I have a feeling that your position on massage therapy should be directly applied to the way dietitians feel about their practices. If you put in as many hours as are described in your requirements to become a registered dietitian, wouldn't you want to know that everyone else providing nutritional services to everyone, regardless of which form of medicine they practice, western or otherwise? Physicians are not shut down, if a person has a DO, they are perfectly legal to provide health information. This bill and others similar in other states simply seek to shut down "nutritionists" whom have little to no education in nutrition. A specific example might be a "nutritionist" at a gym that tries to sell you protein powders, shakes, etc by telling you the only way to bulk up is to drink/eat as much protein as possible. This information is simply not true and should not be disseminated to the public. I know many dietitians and all will have varying views on many topics in nutrition, to say that NONE will go outside of western medicine is completely false. Also, to your comment on Organic Foods: The ADA simply states that it is no more healthy - studies have shown that there are no more vitamins or minerals in organically grown foods over other growing methods. While organic growing may be better for the environment, from a "health" stand point, there is no foundation in saying that it is any healthier if a food is grown organically.

In conclusion, this bill may not be as limiting as you believe or have been fed to believe - it simply is designed to protect the services of a licensed individual such that their practice is not diluted by those that are not as qualified to give advice or prescribe treatments.

Registered Dietitian

Nicole said...

in response to RD:

Thanks for your post. it's always good to have all viewpoints represented. I find that the statements in your comment support my points.

- re: Massage Therapy licenses: Massage therapist licenses in WI are title protection only. This means you can only call yourself an MT or Bodyworker if you have a license, but anyone can practice massage legally under any other title, and many people do.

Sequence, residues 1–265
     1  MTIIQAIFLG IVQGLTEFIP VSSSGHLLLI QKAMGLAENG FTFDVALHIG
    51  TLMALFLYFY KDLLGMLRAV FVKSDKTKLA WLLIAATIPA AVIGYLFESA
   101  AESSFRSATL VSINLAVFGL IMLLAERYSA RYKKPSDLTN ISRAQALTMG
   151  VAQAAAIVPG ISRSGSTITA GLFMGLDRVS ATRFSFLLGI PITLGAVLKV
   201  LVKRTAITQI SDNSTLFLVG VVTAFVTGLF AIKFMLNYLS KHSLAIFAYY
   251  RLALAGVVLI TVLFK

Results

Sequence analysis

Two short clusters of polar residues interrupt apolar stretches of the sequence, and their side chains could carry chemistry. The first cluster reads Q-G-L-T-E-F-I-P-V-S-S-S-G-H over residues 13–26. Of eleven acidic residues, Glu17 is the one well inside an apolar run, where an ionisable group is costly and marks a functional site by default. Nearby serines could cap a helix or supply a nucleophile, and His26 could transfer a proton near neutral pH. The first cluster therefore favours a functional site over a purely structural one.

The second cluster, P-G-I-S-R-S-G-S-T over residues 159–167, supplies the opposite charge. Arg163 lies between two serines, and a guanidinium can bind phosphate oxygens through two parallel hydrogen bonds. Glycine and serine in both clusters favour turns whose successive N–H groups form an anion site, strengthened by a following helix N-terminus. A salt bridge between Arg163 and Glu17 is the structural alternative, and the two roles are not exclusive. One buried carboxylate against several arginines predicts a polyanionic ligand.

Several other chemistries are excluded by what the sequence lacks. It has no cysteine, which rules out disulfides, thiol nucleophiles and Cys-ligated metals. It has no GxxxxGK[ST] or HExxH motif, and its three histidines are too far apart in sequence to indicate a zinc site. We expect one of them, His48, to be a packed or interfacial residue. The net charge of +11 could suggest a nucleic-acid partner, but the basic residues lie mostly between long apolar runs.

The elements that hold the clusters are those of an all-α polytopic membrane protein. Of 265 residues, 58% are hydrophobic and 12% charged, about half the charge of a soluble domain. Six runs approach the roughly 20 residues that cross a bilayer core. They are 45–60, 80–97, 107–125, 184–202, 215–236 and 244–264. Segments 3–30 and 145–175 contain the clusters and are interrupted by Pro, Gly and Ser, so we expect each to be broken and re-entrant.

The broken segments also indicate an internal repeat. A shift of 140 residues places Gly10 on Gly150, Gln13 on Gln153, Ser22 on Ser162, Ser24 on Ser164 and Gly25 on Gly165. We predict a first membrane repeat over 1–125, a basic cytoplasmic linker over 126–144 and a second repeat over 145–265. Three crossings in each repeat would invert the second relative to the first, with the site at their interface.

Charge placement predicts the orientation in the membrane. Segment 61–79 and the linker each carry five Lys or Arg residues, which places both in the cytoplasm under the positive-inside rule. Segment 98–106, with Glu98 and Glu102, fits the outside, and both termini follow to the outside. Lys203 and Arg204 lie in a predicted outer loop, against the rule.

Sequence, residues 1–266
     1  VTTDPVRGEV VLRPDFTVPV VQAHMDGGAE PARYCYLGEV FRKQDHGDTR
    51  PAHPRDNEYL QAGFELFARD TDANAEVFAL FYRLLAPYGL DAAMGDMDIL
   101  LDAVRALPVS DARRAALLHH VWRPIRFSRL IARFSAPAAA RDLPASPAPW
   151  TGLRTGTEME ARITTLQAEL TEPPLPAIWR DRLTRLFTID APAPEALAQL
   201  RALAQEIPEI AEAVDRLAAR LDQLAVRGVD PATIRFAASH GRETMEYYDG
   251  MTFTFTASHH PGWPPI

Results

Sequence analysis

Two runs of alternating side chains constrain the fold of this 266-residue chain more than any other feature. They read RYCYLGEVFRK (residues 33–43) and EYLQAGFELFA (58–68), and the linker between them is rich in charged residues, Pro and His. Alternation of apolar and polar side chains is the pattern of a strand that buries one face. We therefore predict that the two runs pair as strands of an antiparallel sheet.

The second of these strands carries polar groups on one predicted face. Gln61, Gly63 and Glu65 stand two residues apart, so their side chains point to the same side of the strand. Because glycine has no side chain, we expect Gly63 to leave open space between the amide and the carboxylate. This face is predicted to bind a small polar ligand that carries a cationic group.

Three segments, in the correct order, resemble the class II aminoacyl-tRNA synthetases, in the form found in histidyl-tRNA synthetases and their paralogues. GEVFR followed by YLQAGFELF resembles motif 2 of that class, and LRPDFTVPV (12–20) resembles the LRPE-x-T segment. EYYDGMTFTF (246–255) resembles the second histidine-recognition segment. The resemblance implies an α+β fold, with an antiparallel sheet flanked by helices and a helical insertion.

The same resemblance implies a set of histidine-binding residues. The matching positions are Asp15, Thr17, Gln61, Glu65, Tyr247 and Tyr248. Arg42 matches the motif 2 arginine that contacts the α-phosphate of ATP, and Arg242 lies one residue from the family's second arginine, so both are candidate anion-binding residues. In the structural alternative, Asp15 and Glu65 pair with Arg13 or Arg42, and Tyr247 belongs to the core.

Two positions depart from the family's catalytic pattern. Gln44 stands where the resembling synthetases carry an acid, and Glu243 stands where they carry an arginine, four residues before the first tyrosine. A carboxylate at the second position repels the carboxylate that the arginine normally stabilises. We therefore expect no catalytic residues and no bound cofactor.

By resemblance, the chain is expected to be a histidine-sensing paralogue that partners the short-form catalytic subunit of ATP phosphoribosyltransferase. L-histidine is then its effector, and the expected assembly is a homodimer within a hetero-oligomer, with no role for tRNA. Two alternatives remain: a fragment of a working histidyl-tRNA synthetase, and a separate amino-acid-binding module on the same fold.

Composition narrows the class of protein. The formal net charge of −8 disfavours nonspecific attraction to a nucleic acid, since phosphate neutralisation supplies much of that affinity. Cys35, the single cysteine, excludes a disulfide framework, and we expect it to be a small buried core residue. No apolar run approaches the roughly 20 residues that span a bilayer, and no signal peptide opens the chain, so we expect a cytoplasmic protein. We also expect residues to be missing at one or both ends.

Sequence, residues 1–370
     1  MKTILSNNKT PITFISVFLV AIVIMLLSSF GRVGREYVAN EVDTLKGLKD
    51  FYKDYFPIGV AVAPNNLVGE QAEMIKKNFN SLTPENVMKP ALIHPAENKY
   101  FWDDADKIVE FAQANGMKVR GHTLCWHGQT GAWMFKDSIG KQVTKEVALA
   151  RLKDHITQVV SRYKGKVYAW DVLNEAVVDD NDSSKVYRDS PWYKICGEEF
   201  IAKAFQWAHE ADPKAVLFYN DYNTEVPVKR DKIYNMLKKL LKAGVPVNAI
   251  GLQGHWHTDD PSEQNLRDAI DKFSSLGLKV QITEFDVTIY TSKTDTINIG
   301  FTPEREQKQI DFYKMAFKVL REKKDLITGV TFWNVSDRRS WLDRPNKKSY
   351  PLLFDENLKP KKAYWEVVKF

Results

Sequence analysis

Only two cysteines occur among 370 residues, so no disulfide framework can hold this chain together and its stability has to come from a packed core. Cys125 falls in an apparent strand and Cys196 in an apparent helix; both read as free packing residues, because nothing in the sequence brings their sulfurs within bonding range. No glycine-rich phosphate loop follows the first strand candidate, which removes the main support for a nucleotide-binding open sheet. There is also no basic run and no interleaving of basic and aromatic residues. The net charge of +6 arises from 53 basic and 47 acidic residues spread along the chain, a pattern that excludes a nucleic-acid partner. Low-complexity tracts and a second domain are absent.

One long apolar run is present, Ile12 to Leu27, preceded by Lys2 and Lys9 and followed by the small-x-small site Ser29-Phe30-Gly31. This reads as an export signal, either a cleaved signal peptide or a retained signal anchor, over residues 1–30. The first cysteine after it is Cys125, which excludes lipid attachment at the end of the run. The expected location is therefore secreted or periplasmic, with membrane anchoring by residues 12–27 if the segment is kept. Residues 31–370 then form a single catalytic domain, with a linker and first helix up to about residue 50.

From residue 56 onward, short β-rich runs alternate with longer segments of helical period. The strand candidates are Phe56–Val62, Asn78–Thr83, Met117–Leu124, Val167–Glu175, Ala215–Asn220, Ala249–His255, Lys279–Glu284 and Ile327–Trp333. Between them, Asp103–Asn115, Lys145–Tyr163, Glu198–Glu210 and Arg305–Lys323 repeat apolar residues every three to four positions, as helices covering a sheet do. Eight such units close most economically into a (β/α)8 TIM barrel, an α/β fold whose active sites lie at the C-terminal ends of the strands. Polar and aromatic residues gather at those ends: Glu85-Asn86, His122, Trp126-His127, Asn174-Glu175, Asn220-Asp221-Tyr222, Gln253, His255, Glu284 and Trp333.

The license only demonstrates that you've had a certain amount of state-approved education and that you've passed a state and National certification exam. It does not say anything regarding the quality of your services. I think it is helpful to the public to know that if they want assurance of qualifications, they can look for a licensed therapist. However, I think it is also valuable for people who have not taken the exams or who have had other education in the field to be able to offer their services.

I think the burden of responsibility regarding the validity of a practitioner's skills should be determined by the client, not the legislature.

The proposed licensure for RD, however, goes beyond title protection and would make it illegal for other practitioners to even practice, rather than simply saying that only people with specific qualifications can call themselves dietitians.

2. You put anyone who is not a Physician or RD into the category of "nutritionist" and group them all as unqualified. There are many Naturopaths, Chiropractors, and others whom have had extensive training in nutritional health, and have valuable knowledge to share. Sure, there are some snake-oil sales "nutritionists," but, for example, my ND has a fantastic depth of knowledge and training. Some complementary practitioners may have training or knowledge that may even exceed that of some university-trained RDs. Yet they would have to go back to school to continue to practice under this bill. It completely rejects non-institutionalized knowledge. Some of us don't trust the legislature to know what kind of training best suits our individual belief systems about our health.

3. I will concede your point that there may be some RDs who will offer information that is beyond the scope of Western Medicine. Unless the ADA disapproves of it. In which case they won't be allowed to. I personally find that the ADA doesn't support some of my own views on nutrition and health, and therefore I would struggle to find a practitioner who would work with me in alignment with how I want to take care of my body.

4. The point on organic foods: exactly. The ADA states that it is no more healthy. I disagree. I think it is healthier on a toxicity and energetic level. Just because Western science and the ADA hasn't yet seen what they consider to be adequate evidence that it's healthier doesn't mean it isn't. Yet under this bill, no health care practitioner could tell me that it is.

5. I take offense to your statement about being "fed" to believe these things. I wasn't "fed" all of this; I read the bill and the Legislative Research Bureau's summary, and arguments on both sides, then formed my own opinion.

6. Finally, I'm not interested in a bill that protects any one kind of practitioner over another. I'm interested in protecting the interests of the general public. And I don't think that the legislature should be the body that decides who is and isn't qualified to give advice or prescribe treatments.

The idea of a law making a single group of practitioners all with the same education the sole source of "approved" information scares me. It means that the state is telling us this is the only "right" way to think about health, and preventing us from exploring alternatives.

If an individual disagrees with the ADA's opinion on a matter of health, they will have no other practitioners to turn to. How is that better for public health?

Make it a title practice law the way that MT licenses are and I'm fine with it. Ban any complementary or alternative practitioners from offering any nutritional information whatsoever, and you're letting the state tell me what to eat for dinner.